Senator Feinstein has long been at the forefront of the debate to reform America’s immigration policies. She has been a staunch advocate for the creation of a farmworker protection program, protections for unaccompanied immigrant children and a pathway to citizenship for young immigrants who came to this country through no choice of their own and know no other home.
Senator Feinstein is committed to protecting the rights of Dreamers and ensuring their ability to remain in the United States without fear of deportation.
- The Dream Act: Senator Feinstein is a strong supporter of legislation to provide a path to legal status for undocumented persons who were younger than 18 years when they first arrived in the United States, lived in the country four years prior to enactment and have satisfied certain higher education or military service requirements, among other criteria.
- Protect Dreamer Confidentiality Act: Senator Feinstein is a co-sponsor of a bill to safeguard the private information – such as addresses and telephone numbers – of young immigrants known as Dreamers to ensure they are not targeted for deportation.
Expanding Temporary Protect Status (TPS):
- In February 2022, Senator Feinstein cosigned a letter to President Biden requesting that TPS be granted to Ukrainian nationals fleeing their country from the Russian invasion. In March 2022, TPS status was granted by the Department of Homeland Security (DHS) for 18 months.
- In March 2022, Senator Feinstein cosigned a letter to President Biden requesting TPS be granted to Cameroon in response to armed conflict and widespread violence in the country. In April, DHS agreed to grant TPS to Cameroonians for 18 months.
Protections for immigrant children
- Preventing Family Separation: Senator Feinstein led efforts to prevent family separation in the wake of President Trump’s zero tolerance policy, introducing the Keep Families Together Act with 48 co-sponsors. This bill would have prohibited employees of the Department of Homeland Security, the Department of Justice, or the Department of Health and Human Services from removing a child under the age of 18 from his or her parent at or near a port of entry, within 100 miles of the U.S. border. The bill would explicitly prevent agencies from removing a child from their legal guardian, solely for the policy goal of deterring migration to the United States.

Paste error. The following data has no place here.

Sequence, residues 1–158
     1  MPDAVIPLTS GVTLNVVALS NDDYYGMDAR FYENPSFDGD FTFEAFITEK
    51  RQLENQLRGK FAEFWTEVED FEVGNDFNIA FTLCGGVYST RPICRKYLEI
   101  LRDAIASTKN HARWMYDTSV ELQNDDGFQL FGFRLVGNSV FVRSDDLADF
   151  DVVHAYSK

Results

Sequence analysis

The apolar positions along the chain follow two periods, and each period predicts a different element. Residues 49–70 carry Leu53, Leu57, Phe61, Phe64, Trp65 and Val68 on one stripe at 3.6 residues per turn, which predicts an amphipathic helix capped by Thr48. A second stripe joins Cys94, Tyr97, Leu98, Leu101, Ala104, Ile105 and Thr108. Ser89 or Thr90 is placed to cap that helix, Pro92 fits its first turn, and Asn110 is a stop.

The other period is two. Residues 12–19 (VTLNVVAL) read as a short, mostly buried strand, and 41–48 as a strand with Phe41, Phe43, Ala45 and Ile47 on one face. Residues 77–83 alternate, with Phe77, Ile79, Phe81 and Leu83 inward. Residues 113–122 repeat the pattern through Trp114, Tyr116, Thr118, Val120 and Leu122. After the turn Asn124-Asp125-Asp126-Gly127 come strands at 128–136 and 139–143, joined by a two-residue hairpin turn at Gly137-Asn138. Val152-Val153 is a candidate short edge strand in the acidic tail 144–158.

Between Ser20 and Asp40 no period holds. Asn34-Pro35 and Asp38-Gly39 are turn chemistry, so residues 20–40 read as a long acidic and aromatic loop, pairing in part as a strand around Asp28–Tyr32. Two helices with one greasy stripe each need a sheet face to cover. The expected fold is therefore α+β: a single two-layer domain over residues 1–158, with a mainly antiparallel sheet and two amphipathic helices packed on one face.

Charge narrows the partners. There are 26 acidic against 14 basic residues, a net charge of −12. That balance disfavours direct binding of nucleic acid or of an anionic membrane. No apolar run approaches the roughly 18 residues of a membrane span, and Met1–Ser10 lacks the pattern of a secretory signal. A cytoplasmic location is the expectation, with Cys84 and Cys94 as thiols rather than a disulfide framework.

- Working to preserve the Flores Agreement: In 2019, Senator Feinstein introduced the Protecting Immigrant Families and Improving Immigration Procedures Act to protect immigrant children in federal custody and improve the efficiency of our immigration system. The bill would prohibit family separation, preserve the Flores Settlement Agreement, provide counsel to young children in immigration court, fund more immigration judges and allow them to prioritize important cases.
- Unaccompanied Immigrant Children: Senator Feinstein championed critical protections to ensure that unaccompanied immigrant children who arrive on the U.S. border are treated fairly and humanely. In 2000 she first introduced the Unaccompanied Alien Child Protection Act, which was eventually incorporated and passed into law in the Homeland Security Act of 2002. In 2007, Senator Feinstein again introduced the bill, which was incorporated into the Trafficking Victims Protection Reauthorization Act and became law. The bill required family reunification whenever possible and provided pro bono legal representation for children at no expense to the government.
Reversing inhumane immigration laws
- In February of 2022, Senator Feinstein cosigned a letter urging President Biden to reverse inhumane immigration policies, such as Title 42, originally introduced under the Trump administration that continues to disproportionately mistreat Black migrants.
Advocating for improved conditions on our border
- Senator Feinstein’s California staff regularly visits the California/Mexico border to inspect conditions at Border Patrol, Immigration and Customs Enforcement and Office of Refugee Resettlement facilities. These visits are important to ensure that conditions in immigration facilities uphold the humanitarian standards U.S. law requires and that immigration cases are heard quickly and efficiently.